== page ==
Nick Hoggett

With experience in both architectural and decorative lighting, Nick Hoggett of dpa lighting consultants joined the internationally renowned practice in 1979. Based at the Oxfordshire studios, Hoggett is now Partner at the practice, standing at the forefront of its progression and international achievements. darc caught up with the British lighting expert to find out how he sees the two worlds of decorative and architectural lighting moving alongside each other and how their values are gradually shifting.

In many of dpa lighting consultants’ hospitality projects, both architectural and decorative lighting are equally important. While Hoggett sees decorative lighting as becoming ever more important, the need for both remains; architectural and decorative lighting are interdependent.

“You need linear LEDs and beautifully integrated downlights, while at the same time, we are working ever harder to use decorative lighting to do a job of work, rather than just serving as a pretty object,” Hoggett tells darc. The technical functionality is needed across both to varying extents, while maintaining their own aesthetic purposes.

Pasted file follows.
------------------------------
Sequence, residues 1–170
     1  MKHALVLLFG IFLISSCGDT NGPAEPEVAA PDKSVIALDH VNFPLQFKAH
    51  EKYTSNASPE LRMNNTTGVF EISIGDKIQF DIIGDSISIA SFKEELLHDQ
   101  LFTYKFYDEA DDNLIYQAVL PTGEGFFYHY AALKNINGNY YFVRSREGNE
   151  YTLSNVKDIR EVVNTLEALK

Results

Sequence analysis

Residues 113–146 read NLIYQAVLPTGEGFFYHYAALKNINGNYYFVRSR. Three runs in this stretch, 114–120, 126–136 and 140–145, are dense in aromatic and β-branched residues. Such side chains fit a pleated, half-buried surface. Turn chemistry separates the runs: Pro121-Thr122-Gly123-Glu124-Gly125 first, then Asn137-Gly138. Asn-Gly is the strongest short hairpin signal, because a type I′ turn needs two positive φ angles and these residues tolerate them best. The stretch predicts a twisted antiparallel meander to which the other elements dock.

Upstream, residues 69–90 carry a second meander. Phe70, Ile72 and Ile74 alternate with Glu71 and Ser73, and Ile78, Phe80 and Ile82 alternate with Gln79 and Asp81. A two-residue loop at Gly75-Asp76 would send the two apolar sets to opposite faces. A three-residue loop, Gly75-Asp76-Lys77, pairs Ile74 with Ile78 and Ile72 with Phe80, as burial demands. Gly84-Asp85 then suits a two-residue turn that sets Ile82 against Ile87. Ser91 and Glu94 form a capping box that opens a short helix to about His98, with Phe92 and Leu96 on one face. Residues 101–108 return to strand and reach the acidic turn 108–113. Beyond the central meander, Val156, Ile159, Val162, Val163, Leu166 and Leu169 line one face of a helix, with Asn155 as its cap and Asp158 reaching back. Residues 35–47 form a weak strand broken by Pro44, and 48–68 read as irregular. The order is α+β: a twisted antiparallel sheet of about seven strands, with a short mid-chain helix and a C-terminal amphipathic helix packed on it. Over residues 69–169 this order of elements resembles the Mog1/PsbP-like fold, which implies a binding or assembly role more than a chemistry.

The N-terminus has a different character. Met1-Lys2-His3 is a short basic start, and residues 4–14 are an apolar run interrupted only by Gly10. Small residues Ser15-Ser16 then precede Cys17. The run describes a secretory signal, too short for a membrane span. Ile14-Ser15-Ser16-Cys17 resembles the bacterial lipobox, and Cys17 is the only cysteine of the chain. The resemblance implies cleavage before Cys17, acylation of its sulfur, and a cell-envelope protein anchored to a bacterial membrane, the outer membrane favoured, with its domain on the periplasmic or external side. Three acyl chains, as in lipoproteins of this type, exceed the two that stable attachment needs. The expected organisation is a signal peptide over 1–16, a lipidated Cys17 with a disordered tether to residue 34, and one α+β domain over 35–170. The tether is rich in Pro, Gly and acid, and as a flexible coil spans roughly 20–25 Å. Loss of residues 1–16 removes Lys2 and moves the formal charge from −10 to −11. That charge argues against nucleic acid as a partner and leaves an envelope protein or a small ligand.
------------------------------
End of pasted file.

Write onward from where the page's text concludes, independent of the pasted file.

Previously the consensus had been that decorative lighting was nothing more than pretty fixtures. Yet, even though there have been technical developments in the area, for Hoggett there remains a clear distinction between decorative and architectural.

“The two main architectural tools are linear LEDs and recessed downlights, and you can use those in hundreds of different ways. To me, architectural lighting is something you’re trying your hardest to hide and obviously it’s the opposite with a decorative fixture. The function decorative fixtures have is changing, but as a product there is still a clear distinction, 99.9% of the time.”